NEW YORK—If you were a Democratic primary voter in New York this summer, you would have assumed Governor Andrew Cuomo was in the fight of his political life.
You would have seen the television airwaves blanketed with ads for his campaign, including an urgent, direct-to-camera plea from former Vice President Joe Biden. Your mailbox would have been inundated with glossy fliers touting the two-term governor’s progressive achievements—legislation legalizing same-sex marriage, hiking the minimum wage, mandating paid family leave, and tightening gun laws. You would have seen Cuomo jump at every chance to attack President Donald Trump and pledge his administration to the defense of New Yorkers—immigrants, women, and minority voters in particular—against the president’s conservative policies. You would have smelled whiffs of desperation in reports that the governor had tried to rush the opening of a major new bridge named for his late father, and that his campaign was implicated in efforts to portray his opponent to Jewish voters as “soft on anti-Semitism.”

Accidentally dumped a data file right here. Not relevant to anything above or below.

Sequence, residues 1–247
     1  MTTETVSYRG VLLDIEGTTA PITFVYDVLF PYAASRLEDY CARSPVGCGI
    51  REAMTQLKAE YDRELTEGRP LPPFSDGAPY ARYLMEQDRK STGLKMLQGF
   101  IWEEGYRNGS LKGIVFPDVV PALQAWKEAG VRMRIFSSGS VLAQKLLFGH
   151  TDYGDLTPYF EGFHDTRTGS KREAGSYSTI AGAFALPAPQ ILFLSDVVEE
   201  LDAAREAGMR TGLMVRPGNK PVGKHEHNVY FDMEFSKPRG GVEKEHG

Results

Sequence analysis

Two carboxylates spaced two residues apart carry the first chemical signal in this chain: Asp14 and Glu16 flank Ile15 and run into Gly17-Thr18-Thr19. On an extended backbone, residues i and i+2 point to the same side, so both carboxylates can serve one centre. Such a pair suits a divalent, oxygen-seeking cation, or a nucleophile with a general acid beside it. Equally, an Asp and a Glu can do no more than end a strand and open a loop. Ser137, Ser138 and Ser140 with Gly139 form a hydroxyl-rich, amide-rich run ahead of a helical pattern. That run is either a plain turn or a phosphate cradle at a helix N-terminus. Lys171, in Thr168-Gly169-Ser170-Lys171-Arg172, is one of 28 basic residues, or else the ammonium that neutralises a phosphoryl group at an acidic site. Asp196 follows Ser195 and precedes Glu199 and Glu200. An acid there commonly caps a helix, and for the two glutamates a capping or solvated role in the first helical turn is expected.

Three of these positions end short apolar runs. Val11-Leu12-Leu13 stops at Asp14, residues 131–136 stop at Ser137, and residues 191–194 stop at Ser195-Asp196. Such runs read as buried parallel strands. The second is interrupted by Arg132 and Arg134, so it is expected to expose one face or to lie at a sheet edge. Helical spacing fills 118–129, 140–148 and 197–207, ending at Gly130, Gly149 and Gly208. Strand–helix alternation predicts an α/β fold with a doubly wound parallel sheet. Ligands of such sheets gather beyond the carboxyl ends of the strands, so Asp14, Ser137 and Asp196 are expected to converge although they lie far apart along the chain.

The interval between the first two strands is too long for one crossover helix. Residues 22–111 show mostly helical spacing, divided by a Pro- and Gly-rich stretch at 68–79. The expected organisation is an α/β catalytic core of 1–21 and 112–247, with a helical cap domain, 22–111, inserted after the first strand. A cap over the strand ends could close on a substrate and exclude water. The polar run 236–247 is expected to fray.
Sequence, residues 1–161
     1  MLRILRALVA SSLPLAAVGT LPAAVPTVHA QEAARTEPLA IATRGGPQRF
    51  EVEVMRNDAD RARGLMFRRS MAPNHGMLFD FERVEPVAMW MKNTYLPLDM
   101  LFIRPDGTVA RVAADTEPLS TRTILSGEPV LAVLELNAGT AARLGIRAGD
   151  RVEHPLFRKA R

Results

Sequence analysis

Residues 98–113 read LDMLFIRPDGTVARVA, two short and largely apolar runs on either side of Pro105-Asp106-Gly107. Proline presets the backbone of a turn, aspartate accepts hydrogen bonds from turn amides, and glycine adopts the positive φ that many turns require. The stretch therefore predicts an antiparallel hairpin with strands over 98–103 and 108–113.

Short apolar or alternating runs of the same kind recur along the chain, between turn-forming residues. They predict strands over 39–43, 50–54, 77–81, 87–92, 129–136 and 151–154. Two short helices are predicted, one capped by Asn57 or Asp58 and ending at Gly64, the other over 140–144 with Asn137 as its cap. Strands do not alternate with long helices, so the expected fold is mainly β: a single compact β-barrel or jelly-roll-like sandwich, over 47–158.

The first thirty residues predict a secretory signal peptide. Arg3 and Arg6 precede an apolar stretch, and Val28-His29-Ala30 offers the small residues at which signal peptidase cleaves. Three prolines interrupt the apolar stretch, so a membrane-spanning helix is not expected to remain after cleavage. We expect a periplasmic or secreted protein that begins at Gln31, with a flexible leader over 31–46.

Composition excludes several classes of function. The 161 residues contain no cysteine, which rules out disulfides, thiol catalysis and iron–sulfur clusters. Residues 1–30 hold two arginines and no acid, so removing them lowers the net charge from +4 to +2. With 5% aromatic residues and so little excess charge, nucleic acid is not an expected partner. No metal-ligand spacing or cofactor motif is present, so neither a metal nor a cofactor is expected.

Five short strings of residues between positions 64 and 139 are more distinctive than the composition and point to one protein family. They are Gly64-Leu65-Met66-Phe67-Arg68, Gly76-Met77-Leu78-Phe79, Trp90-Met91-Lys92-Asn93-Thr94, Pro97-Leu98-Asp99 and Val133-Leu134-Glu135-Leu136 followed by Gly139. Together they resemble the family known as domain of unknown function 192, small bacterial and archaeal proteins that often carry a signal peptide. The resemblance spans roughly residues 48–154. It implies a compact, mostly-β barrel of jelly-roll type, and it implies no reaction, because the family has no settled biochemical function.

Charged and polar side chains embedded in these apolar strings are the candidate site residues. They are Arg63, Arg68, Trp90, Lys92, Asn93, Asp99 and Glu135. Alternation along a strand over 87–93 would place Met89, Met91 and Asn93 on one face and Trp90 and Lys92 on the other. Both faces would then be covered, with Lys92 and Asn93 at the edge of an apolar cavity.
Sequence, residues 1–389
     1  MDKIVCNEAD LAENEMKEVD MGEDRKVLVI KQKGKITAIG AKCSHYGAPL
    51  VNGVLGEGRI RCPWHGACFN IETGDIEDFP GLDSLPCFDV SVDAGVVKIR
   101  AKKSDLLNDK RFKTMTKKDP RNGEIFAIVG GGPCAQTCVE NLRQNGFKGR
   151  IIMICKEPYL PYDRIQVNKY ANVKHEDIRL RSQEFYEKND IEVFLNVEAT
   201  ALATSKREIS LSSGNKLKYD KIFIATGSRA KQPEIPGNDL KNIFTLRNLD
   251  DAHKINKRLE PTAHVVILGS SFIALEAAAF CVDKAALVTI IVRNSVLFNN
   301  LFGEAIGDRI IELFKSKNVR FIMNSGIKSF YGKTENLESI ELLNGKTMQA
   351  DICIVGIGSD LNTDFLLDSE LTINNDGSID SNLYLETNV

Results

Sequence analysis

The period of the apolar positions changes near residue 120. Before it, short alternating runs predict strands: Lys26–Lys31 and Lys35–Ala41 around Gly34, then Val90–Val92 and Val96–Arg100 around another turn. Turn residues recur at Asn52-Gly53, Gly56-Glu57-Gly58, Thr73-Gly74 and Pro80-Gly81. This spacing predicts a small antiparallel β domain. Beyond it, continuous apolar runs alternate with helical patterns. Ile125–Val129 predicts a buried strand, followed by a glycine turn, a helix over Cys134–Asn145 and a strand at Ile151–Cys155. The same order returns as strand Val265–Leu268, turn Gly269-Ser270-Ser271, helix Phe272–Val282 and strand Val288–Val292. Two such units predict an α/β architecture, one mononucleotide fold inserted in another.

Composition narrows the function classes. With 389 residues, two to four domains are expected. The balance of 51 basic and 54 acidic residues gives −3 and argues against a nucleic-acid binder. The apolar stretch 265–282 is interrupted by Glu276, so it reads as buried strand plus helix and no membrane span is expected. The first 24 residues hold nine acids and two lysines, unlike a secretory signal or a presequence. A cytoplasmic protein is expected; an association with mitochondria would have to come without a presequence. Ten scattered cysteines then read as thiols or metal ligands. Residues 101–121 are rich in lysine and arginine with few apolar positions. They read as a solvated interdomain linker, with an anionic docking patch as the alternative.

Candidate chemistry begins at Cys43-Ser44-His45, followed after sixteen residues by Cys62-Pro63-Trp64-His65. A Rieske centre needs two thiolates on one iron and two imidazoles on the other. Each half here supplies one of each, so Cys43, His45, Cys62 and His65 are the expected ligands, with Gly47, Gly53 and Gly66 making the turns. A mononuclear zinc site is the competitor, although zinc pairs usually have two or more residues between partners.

By the size and ferocity of Cuomo’s reelection campaign, you would think the governor was in serious danger of losing to his progressive challenger, Cynthia Nixon. Yet when the ballots are counted in New York’s gubernatorial primary on Thursday night, the surprise won’t be if Cuomo defeats the actress and activist—it’ll be if he wins by less than 20 points.